You may have seen this graphic from The New York Times earlier this week:
It shows percent change in travel habits by county for the week of March 23, 2020, and clearly indicates that people across the country have chosen not to change their travel habits at all in response to the outbreak of COVID-19. It tells a true story, but perhaps not the whole story.
Let's zoom in to a particularly dark-red portion of the map:
Darker red counties indicate fewer changes in travel behavior (i.e., nothing has changed in these areas). Some of the darker counties shown in this map?
- Culberson county, 0.6 people per square mile
- Reeves county, 5.2 people per square mile
- Pecos county, 3.3 people per square mile
- Terrell County, 0.4 people per square mile
- Crockett County, 1.3 people per square mile
That's a grand total of 37,727 people over 16,385 square miles (or 2.3 people per based on 2010 population totals). You could feasibly drive hundreds of miles across all 5 of these counties and never see another soul. If that was the population density of the entire United States, we'd number about 8.7 million.
Contrast that to New York City, which has a population density of 27,751 per square mile. You can't look out your window without seeing at least a few dozen people. At that density, these 5 counties would hold over 450 million people.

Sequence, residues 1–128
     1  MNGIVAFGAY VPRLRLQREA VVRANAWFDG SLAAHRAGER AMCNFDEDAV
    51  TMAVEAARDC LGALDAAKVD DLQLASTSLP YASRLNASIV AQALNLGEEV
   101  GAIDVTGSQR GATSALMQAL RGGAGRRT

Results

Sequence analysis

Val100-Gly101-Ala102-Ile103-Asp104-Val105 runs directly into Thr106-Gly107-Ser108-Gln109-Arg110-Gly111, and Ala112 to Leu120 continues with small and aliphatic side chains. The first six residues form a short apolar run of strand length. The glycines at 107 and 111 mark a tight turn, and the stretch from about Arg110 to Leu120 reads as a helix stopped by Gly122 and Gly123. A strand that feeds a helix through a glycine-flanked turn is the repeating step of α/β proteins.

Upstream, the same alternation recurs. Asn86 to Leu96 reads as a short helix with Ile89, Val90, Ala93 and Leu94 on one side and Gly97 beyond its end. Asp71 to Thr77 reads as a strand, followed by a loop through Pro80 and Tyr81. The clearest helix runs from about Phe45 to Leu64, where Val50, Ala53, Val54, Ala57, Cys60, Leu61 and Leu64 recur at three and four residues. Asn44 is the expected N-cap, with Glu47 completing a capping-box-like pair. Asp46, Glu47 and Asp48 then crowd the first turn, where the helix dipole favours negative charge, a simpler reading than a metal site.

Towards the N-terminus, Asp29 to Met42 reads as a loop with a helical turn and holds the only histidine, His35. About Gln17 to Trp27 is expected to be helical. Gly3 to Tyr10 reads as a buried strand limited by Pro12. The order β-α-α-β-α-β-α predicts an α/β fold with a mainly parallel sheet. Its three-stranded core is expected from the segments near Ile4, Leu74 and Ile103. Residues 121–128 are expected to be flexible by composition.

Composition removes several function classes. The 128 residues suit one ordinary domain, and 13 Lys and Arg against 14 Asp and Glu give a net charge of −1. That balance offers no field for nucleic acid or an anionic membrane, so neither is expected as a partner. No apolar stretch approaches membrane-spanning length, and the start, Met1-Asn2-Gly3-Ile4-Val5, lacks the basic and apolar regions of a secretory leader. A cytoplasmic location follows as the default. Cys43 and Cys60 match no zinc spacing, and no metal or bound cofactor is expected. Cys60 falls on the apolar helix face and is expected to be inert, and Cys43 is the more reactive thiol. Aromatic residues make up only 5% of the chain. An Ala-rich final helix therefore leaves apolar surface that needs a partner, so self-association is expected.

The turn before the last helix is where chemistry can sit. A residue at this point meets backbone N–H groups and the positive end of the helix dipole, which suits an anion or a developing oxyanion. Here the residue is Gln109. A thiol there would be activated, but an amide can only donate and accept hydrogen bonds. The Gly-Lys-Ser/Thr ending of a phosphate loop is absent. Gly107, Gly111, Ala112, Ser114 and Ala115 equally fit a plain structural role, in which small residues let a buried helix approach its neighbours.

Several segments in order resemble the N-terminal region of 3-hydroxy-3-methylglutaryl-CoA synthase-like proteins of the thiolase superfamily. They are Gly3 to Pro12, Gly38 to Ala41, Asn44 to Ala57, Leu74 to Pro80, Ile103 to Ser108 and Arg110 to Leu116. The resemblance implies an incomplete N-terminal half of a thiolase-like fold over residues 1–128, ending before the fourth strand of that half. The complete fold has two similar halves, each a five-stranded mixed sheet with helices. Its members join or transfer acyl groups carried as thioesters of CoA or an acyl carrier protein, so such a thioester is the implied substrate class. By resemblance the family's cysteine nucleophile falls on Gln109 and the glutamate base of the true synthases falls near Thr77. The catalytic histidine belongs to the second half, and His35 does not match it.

It's absolutely true that the inhabitants of these particular counties have, as of yet, not made any major changes to their travel habits. Does that mean that they are treating our present situation with reckless abandon? Perhaps not.
It's most likely the case that, given the extreme land-to-human ratio in these areas, the potential for community spread of the novel coronavirus is significantly less than in areas with higher population density. Social distancing just has a slightly different meaning when you have a population density of 0.6/square mile. The baseline between the fine residents of Culberson County, Texas, and their more urban counterparts isn't close enough to produce a relevant comparison.
Astute observers no doubt recognized this. In fact, many pointed it out on Twitter and other social media. Nevertheless, it's worth stating again: While there is nothing factually inaccurate about this graphic, without the added context of population density, it doesn't tell the whole story.
How can you avoid this problem?
- Account for it directly in your visualization (perhaps different colors could have been used to segment counties by population density)
- Split your single visualization into two or more to better show the context by physically separating the different classes of your data
- Acknowledge the deficiencies directly on your visualization, so if it gets shared your acknowledgement gets shared as well
- Provide a written or oral accompaniment to your visualization (if it's in a report or presentation, for example)